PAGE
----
Gifted and talented pupils in history at Key Stage 2

Much has been written in general terms about identifying and then catering for able pupils in history.  OFSTED and others have criticized schools for not moving beyond identification and general provision to looking at what happens in ‘subjects’ within the curriculum.  Clearly they do not mean subjects in isolation.  What is being offered here then is a practical set of strategies that genuinely extend the thinking of able pupils, cross-referenced to examples of outstanding lessons which have been successfully taught to groups or classes of the most able pupils. National case studies do exist but these are rather generalised and do not always exemplify the best practice.  To give you a really helpful start in deigning appropriate activities look at the file called 10 ideas to get you thinking.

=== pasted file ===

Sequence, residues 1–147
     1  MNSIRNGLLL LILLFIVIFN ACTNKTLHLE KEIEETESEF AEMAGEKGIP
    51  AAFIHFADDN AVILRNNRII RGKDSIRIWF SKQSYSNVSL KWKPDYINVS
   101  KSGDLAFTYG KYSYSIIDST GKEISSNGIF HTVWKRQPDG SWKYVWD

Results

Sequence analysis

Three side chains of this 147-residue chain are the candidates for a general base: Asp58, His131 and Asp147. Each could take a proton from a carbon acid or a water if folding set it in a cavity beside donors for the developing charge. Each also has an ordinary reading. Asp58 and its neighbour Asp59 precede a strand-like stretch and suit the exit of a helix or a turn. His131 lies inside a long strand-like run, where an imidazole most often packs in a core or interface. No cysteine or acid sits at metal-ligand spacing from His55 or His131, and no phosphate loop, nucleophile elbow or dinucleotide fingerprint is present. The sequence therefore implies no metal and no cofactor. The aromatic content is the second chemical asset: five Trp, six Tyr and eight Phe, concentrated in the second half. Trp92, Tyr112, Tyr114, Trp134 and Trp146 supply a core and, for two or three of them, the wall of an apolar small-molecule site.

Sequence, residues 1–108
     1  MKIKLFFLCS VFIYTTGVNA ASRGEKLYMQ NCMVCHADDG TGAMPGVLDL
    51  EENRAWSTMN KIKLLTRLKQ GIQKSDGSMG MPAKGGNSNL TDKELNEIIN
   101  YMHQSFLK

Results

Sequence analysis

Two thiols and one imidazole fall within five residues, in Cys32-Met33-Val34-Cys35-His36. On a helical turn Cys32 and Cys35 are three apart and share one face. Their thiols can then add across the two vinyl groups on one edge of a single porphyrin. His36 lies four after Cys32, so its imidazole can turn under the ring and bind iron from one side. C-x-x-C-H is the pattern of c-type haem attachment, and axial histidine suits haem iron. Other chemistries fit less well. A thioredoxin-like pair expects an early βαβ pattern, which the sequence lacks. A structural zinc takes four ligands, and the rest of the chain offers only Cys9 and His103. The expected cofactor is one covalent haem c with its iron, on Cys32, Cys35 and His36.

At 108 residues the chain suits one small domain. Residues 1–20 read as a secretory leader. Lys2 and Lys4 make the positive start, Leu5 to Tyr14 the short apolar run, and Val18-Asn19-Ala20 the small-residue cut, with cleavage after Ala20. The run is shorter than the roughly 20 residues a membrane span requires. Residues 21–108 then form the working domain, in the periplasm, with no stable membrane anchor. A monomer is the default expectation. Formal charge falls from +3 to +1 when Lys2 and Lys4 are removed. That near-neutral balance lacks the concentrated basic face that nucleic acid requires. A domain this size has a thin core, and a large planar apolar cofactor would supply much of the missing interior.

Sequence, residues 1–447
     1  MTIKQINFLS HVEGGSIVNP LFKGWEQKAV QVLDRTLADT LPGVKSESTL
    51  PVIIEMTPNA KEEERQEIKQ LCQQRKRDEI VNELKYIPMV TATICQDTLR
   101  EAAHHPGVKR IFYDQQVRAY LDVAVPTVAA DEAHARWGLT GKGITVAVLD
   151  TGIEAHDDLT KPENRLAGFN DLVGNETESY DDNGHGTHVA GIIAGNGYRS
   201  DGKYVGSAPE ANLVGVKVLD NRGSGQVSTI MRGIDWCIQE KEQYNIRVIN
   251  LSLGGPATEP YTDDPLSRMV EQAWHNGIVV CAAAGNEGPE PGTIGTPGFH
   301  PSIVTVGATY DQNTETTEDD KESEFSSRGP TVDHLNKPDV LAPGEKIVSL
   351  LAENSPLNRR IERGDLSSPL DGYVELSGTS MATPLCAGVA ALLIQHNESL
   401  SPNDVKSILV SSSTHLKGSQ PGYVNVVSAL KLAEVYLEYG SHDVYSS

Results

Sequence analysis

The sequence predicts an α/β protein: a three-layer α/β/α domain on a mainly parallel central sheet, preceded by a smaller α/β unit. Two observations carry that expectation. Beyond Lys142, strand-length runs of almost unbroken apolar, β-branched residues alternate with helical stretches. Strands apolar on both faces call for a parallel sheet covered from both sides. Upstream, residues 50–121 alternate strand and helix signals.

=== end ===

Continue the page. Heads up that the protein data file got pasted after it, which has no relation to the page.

General approaches, giving G&T pupils scope for:

  •  Self direction, following lines of interest and curiosity
  • Opportunities for group work
  • Experience of ‘difficulty’
  • Imaginative and creative work
  • Time to incubate ideas  and see them develop
  • Originality
  • First hand experience  often with authentic material
  • Intellectual challenge
  • Time to dream

Excellent strategies to extend more able children in history sessions at Key Stage 2

1. Presenting pupils with conflicting ideas; a head to

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